The S&P 500 gained double digits in 2016, but healthcare investors were largely left out in the cold. Shares of the Vanguard Health Care ETF (NYSEMKT: VHT), a widely held index fund that focuses on the sector, actuallydeclined by more than 2% during the year.
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The performance discrepancy suggests that there are some real bargains to be found in the sector. With that in mind, here's why I think Pfizer (NYSE: PFE),Illumina (NASDAQ: ILMN), and Jazz Pharmaceuticals (NASDAQ: JAZZ) are all great healthcare stocks to buy for the year ahead.
Value in plain sight
Pfizer's investors have long benefited from the company's storied history of developing or buying drugs that go on to become best-sellers. When I take a fresh look at the company's financials, I can't help feeling Pfizer looks well positioned to keep delivering for shareholders.
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Pfizer's current product lineup includes a number of fast-growing drugs such as its pneumococcal vaccine Prevnar 13, thebreast cancer drugIbrance, and blood thinner Eliquis. When these newer drugs are combined with the company's legacy products, Pfizer's revenue continues to head higher with each passing quarter.
Image source: Getty Images.
Looking ahead, I think investors can bank on seeing the trend continue. Last year, Pfizer won a bidding war for Medivation, which added a fast-growing prostate cancer drug called Xtandi to its portfolio. The company also succeeded at scooping up Anacor, which added an atopic dermatitis drug calledEucrisato its lineup. Both of these drugs promise multibillion-dollar sales potential and stand a great chance at driving top-line growth.
Despite its broad portfolio and pipeline of potential, Pfizer's shares are currently trading for 13 times full-yearearnings estimates. Add in a well-covereddividend yield of 4%, and I think this stock is a value hiding in plain sight.
Enabling personalized medicine
In 2001, it cost researchersmore than $100 million to sequence a human genome. Fast-forward to today, and Illumina has helped bring that cost all the way down to$1,000. That monumental cost shift is helping drive adoption like never before, and many believe that the age of personalized medicine is finally drawing near.
While Illumina's past success has been nothing short of amazing, there are reasons to believe that the company's growth is just getting started.Illumina recently stole the show at the 2017 J.P. Morgan Healthcare conferenceby releasing a barrage of exciting announcements. Included in the list was the launch of two new partnerships withPhilips and IBM. The goal of these collaborations is to help giveresearchers and clinicians new tools to "standardize and simplify genomic data interpretation." If that wasn't exciting enough, Illumina also announcedthe launch of two next-generation genomic sequencing machines. The first was built with partner Bio-Rad Laboratories, and it was designed to allow researchers the ability to study the human body at the individual cell level. The second machine is the company's new NovaSeq series, which promise to one day enable a gene to be sequenced for as little as $100.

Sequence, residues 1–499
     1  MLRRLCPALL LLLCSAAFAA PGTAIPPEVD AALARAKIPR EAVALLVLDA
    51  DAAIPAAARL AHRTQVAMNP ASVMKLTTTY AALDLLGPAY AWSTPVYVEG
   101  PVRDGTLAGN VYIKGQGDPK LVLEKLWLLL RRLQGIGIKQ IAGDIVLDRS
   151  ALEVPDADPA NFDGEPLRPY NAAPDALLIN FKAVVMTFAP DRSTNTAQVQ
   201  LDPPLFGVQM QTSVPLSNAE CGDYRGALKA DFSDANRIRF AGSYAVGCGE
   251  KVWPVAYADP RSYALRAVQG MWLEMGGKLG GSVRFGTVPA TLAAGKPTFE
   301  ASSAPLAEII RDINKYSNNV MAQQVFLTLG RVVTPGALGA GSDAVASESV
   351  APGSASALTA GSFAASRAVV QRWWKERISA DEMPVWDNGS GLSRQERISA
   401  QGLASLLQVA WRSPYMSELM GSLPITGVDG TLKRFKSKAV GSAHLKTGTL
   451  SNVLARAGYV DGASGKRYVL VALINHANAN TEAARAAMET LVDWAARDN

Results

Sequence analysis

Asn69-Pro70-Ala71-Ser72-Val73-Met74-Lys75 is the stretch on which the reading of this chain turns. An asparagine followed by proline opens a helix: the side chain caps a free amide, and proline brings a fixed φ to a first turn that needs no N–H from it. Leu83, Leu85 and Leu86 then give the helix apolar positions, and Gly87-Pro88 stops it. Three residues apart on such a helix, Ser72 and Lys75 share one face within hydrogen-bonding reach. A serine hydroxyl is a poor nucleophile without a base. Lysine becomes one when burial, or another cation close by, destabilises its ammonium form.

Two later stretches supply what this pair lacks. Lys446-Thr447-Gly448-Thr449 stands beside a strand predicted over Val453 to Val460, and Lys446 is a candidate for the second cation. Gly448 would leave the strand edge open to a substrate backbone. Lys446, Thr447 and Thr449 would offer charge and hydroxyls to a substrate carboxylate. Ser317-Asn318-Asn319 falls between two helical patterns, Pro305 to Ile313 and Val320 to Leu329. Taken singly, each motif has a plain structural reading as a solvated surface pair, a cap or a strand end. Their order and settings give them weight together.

Traders bid up shares when the news was announced, but the company's stock is still down more than 32% from its all-time high. If you believe that these new partnerships and products will help revive sales growth, then buying a few shares while they trade at a discount could prove to be a smart decision.
Growth on the horizon
For a company that consistently produces double-digit growth, Jazz Pharmaceuticals doesn't get a whole lot of respect. Shares declined by more than 22% in 2016, in part because management dialed back its full-year profit guidance after it spent $1.5 billion to acquire Celator Pharmaceuticals. When combined with the potential for politicians to curb the company's long history of raising prices on its top-selling narcolepsy drug, Xyrem, it's understandable why traders have been worried about the company's future.
While investors needto keep an eye on Xyrem's sales from here, I can't help thinking the decline is overdone, since Jazz has a promising year ahead. In the coming months, Jazz will completeits regulatory submission of Vyxeos-- Celator's lead product candidate -- in both the U.S. and Europe. If all goes well, this drug could be available for sale before year's end. Current estimates call for this drug to bring in up to $400 million in peak annual sales. If true, Jazz looks like it got a decent deal by buying Celator, and Vyxeos could go a long way toward helping todiversify Jazz's revenue away from its dependence on Xyrem.
In total, market watchers believe that Jazz can grow its profits by more than 17% over the next five years.With shares trading for less than11 times forward earnings estimates, Jazz is a growth stock with a value price.
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Brian Feroldi has the following options: short January 2019 $185 puts on IBM, short January 2019 $180 puts on IBM, long January 2018 $175 calls on IBM, and short January 2018 $175 puts on IBM. The Motley Fool owns shares of and recommends Illumina. The Motley Fool has a disclosure policy.